DARKTRACE_ITSECURITYCY21_RANSOMWARE_TECH_NEWS_HUB_728_X_90_JPEG_EN.jpg
TechNewsHub_Strip_v1.jpg

LATEST NEWS

  • Chris Bratton - Tech Journalist

Irish regulators failing to enforce EU laws against Big Tech

Big tech companies claimed that the Data Protection Commission (DPC) failed to backlog against large tech companies. EU qualifies tech companies and sets up regulations for customer benefit along with rules to manoeuvre applications. Being the lead of DPC, the Irish supervisory authorized 164 cases as per pan-European regulations. 98% of the cases remained unsolved previously, and as a result, many rules filled up the gap, according to research conducted by the Irish Council of Civil Liberties (ICCL).



The Irish Times on Jun 11 reported, “Apple yet again Ireland’s largest company. Revenues for its Irish based company rose by 5 per cent in the year to September 2020, up to €121.9 billion.”


As 98% of the 164 significant complaints about privacy abuses remain unsolved, large companies like Apple, Google, Facebook, Microsoft, and Twitter, having Dublin based headquarters fall under Ireland’s Data Protection Commissions regulations. EU-led regulators hold lawmakers accountable for privacy and campaign concerns failing to take action as data protection laws are too severe to ignore.


When GDPR came into force in May 2021, they sent four drafts to the European Data Protection Board (EDPB) for approval, and the report said, “Ireland is the big EU bottleneck.”

“No other GDPR enforcer in the EU can intervene if the Irish DPC asserts its lead role in cases against big tech firms headquartered in Ireland.”


“EU GDPR enforcement against big tech is paralyzed by Ireland’s failure to deliver draft decisions on cross-border cases.”


Ireland has an excellent tax economy for tech companies, and they highly utilise the opportunity of taking office in a developed country with good conditions for business.

Several other European countries criticised Ireland’s hesitation for taking regulatory actions against big take, including Spain and Italy. Irish Parliament reported for GDPR implementation, “I’m afraid that the basic rights of the citizens are at stake.”


Officials in the EU region said Brussels could do a little more by taking action for Dublin. However, Irish DPC has been criticised many times before for the slower process of taking backlog actions. It came to everyone’s attention that in 2019, there were too many complaints, and it rose by 75% than the previous year. Still, no action was taken and no sign of allowable deduction, which is unfortunate.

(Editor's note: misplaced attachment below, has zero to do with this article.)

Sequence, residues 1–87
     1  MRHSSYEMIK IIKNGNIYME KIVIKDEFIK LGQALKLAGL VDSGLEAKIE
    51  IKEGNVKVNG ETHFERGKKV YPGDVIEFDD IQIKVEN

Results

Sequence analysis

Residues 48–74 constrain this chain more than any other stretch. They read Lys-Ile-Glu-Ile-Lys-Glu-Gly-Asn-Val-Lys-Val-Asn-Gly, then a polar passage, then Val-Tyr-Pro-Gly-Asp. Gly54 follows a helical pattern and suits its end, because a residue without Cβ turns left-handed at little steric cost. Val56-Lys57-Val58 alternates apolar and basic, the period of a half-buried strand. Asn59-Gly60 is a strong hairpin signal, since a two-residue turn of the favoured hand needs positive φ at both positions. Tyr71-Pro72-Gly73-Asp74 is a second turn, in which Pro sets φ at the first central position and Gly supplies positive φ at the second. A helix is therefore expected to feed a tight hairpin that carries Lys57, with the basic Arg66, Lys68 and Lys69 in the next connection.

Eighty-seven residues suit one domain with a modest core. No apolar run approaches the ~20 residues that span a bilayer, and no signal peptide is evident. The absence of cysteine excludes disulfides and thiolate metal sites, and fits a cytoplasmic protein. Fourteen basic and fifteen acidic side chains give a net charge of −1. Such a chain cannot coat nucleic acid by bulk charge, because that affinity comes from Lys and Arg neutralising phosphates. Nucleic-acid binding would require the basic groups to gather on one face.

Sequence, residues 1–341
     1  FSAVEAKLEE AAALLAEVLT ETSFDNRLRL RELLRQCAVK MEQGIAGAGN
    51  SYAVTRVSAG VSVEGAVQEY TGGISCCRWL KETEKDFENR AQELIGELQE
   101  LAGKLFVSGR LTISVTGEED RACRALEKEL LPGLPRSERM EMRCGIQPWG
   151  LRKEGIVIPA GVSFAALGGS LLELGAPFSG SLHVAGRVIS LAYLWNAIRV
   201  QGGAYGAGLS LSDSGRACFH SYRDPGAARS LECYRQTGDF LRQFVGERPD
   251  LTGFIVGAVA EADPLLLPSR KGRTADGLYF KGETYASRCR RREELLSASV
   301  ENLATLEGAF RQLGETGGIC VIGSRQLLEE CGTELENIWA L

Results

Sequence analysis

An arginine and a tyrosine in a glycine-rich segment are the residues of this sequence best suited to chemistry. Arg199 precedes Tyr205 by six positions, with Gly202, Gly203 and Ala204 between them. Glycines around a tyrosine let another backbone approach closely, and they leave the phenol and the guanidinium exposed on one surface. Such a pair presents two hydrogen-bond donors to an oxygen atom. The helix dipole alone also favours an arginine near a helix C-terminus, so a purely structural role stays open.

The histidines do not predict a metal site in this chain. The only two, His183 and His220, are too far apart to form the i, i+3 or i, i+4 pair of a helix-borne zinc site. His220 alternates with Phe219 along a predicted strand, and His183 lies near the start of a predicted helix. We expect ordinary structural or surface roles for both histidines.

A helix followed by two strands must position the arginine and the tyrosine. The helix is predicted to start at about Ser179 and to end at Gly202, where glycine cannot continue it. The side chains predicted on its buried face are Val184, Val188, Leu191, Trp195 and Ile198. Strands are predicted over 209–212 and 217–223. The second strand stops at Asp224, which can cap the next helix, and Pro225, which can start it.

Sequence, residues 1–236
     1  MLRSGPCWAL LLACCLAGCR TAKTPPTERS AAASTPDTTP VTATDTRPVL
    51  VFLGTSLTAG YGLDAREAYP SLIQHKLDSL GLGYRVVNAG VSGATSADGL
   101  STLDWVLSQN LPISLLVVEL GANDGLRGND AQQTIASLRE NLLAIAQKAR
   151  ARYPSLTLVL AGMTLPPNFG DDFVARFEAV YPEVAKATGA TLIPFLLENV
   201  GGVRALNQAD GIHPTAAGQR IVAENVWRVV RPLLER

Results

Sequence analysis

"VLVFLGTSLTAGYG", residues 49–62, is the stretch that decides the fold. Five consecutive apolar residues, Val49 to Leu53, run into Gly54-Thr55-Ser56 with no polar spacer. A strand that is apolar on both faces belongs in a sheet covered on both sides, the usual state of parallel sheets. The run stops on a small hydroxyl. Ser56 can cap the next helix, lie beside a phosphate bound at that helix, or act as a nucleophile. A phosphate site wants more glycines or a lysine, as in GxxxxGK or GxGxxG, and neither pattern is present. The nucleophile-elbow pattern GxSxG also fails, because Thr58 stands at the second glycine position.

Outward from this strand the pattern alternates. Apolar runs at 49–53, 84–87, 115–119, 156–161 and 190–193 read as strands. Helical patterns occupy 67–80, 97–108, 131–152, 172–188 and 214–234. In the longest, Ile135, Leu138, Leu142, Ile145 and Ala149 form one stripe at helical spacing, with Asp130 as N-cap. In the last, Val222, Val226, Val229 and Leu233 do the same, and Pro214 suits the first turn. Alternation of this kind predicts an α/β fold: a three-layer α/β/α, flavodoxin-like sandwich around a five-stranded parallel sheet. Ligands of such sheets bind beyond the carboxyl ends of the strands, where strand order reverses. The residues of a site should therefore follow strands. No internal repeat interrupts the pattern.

Johnny Ryan, a senior fellow at ICCL, said, “ICCL believes that the costs of failing to apply the GDPR properly will be severe.”


“The fanfare surrounding the GDPR was such that the EU’s global influence will wane if it is allowed to fail.” He also said, “The worst cost of continuing data misuse will cause tyrannies among citizens and debase politics. Therefore, we urge you to intervene.” After all that, there was no sign of taking action from the authority who has the power to protect people’s data.

Big tech companies make Ireland their home due to the superb condition of taxing, and they can profit much more than other countries. As they greatly benefit, respecting the country and nationwide privacy makes more sense, but what we see here is quite impactful.


Prominent household names triggered 21% of the complaints in the country. DPA’s 72% complaints and concerns are handled mainly by Ireland, Germany, Spain, Netherland, France, Sweden, and Luxembourg.


The ICCL discovered that DPC had been underfunded for years, regulatory management formed a structural development that was much needed to match the regulatory level. New law enforcement, taking fines and taxing may solve the issue, but every company must follow the global rules and respect data protection in the long run. Some mandatory changes in the laws may come, too, as there seems to be loopholes.

EMARSYS_300x600.png
Gamma_300x600.jpg
paypal.png
Scheider_300x600.jpeg